By Nicole Townsend and Liz Madison, Vitals contributors
The relentless COVID-19 pandemic is taking a toll on mental health. Long-term stress is turning into burnout. This phenomenon is rapidly surfacing across industries and it’s considered a key driver to the “Great Resignation,” the recent and widespread trend of workers looking to leave their jobs during COVID-19.
A McKinsey & Co. study from fall 2021 found that 40% of employees said they will leave their current job in the next three to six months. And, of all groups, McKinsey & Co. reported that “women are increasingly feeling a higher level of burnout.”
Employers are responding by placing greater emphasis on and access to more mental health support. Meanwhile, clinical experts recommend that those in the workforce do a self-check on their well-being and consider how they are managing through these unprecedented times.
Tam Nguyen, Ph.D., director of ambulatory care for the Mental Health and Addiction Care team at Sutter Health, shares her top three considerations when addressing potential burnout.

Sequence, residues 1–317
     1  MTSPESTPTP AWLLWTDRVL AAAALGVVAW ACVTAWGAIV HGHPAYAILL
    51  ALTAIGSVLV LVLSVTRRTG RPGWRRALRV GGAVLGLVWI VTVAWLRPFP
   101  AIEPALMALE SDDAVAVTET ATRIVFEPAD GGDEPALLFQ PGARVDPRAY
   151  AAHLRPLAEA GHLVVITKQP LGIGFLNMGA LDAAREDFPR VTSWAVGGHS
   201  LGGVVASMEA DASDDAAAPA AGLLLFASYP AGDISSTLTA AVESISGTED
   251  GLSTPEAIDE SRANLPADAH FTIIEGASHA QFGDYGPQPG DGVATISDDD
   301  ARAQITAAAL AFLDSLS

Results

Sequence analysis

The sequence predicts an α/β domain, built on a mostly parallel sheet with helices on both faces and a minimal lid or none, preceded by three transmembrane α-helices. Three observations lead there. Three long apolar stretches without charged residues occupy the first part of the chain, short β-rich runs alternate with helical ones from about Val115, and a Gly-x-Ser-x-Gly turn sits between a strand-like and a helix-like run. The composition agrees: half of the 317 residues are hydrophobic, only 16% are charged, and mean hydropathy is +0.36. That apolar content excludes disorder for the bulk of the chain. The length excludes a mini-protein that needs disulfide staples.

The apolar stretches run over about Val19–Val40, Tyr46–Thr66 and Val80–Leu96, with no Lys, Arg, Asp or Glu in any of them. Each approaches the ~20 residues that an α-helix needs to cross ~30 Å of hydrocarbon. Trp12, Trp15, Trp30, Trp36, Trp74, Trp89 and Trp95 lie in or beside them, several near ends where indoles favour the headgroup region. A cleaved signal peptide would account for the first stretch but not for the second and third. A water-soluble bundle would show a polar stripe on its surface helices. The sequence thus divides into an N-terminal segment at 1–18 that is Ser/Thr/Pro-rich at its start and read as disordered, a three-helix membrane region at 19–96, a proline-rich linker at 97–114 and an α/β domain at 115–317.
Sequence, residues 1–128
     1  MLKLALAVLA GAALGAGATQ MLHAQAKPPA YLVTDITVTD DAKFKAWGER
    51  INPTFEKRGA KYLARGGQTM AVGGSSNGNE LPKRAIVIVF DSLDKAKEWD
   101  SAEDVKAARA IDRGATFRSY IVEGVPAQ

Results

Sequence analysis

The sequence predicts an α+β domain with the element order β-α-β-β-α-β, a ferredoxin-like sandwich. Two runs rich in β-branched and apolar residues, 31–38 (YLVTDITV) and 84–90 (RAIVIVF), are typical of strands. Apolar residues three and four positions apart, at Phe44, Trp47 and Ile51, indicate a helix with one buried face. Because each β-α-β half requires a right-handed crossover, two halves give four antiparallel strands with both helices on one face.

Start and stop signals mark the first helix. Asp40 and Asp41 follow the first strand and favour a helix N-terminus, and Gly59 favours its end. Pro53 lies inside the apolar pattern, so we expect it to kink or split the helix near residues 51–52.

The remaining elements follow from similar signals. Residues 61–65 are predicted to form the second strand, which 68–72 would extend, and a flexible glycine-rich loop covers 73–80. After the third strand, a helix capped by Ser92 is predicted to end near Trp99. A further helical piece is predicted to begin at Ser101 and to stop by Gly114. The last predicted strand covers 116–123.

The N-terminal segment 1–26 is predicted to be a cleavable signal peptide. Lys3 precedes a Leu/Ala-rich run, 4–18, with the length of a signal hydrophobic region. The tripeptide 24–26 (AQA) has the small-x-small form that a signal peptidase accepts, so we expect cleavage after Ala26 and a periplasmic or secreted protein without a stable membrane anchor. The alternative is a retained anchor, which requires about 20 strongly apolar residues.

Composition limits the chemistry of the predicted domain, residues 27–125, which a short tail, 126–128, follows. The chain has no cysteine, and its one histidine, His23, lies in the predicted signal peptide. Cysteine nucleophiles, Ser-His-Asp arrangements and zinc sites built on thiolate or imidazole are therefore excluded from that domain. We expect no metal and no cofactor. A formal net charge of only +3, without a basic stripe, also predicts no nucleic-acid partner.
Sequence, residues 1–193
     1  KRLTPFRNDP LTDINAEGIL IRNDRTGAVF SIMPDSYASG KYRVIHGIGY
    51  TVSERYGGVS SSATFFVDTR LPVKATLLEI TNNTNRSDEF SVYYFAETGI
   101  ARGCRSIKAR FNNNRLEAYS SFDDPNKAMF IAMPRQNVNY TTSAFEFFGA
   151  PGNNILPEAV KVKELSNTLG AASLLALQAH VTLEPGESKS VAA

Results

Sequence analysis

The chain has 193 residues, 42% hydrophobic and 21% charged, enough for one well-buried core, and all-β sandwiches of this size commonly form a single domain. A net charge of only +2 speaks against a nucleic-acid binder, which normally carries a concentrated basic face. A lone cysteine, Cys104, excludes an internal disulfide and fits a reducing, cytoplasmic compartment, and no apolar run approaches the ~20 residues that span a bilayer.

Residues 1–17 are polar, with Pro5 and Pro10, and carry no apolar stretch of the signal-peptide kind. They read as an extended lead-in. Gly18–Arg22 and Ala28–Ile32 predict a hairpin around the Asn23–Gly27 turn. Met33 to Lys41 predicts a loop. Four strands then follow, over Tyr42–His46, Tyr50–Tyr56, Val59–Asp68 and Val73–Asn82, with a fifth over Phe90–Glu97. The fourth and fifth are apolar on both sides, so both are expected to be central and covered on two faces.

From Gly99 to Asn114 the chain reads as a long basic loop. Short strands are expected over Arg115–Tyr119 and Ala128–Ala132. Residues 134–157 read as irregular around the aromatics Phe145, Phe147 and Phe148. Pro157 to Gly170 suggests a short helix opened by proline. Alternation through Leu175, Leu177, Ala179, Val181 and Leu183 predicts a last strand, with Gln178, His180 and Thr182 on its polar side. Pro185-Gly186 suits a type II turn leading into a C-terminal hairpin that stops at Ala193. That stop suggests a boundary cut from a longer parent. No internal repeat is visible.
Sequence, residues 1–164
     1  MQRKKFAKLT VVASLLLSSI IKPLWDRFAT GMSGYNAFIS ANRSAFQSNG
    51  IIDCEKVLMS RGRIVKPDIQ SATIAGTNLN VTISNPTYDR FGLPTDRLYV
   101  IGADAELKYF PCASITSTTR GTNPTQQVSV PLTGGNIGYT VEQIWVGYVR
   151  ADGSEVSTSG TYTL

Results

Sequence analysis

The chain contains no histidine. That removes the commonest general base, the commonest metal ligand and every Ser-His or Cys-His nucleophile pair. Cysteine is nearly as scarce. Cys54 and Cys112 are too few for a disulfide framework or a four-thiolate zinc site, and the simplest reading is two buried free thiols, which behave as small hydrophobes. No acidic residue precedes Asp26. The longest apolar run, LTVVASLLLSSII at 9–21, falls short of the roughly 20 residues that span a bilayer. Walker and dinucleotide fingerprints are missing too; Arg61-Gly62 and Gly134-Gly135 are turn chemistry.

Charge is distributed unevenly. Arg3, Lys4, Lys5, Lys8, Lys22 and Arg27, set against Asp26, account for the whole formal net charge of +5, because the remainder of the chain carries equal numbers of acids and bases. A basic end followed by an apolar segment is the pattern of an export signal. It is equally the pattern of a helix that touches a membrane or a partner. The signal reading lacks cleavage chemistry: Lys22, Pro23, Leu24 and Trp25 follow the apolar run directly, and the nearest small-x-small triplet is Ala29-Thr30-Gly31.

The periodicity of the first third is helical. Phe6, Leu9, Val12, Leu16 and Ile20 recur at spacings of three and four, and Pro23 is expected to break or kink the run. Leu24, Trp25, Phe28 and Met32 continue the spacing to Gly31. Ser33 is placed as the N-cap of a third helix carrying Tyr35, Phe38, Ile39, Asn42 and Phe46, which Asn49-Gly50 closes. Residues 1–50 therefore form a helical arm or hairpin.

- Understand the Difference of Stress vs. Burnout. While some may see stress and burnout as interchangeable, Dr. Nguyen explains there are distinct differences. Stress is something everyone feels at times and can actually serve as a motivator for everyday activities. But when stress turns to hopelessness, that is a sign it could be something more. The World Health Organization characterizes burnout as feelings of energy depletion or exhaustion, an increased mental distance from one’s job or negative feelings that result in reduced effectiveness at work.
- Recognize the Signs. Early identification and prevention are key to addressing and effectively managing burnout. Pay attention and look for early warning signs, which can include mood changes, according to Dr. Nguyen.
- Reach out for Help and Use Available Resources. If you or someone you know are suffering from burnout, consider reaching out to family and friends for support. “Track and monitor how you are feeling and elicit feedback from others you trust to assess if they have also noticed changes in how you participate and engage at work,” Dr. Nguyen said. “Whether you reach out to co-workers, friends or loved ones, support and collaboration might help you cope.” A medical provider can also provide an initial evaluation, consultation and treatment recommendations.
Note: This content is not intended to be a substitute for professional medical advice, diagnosis or treatment. Always seek the advice of your physician or other qualified health provider with any questions you may have regarding a medical condition. Never disregard professional medical advice or delay in seeking it because of something you have read on this website.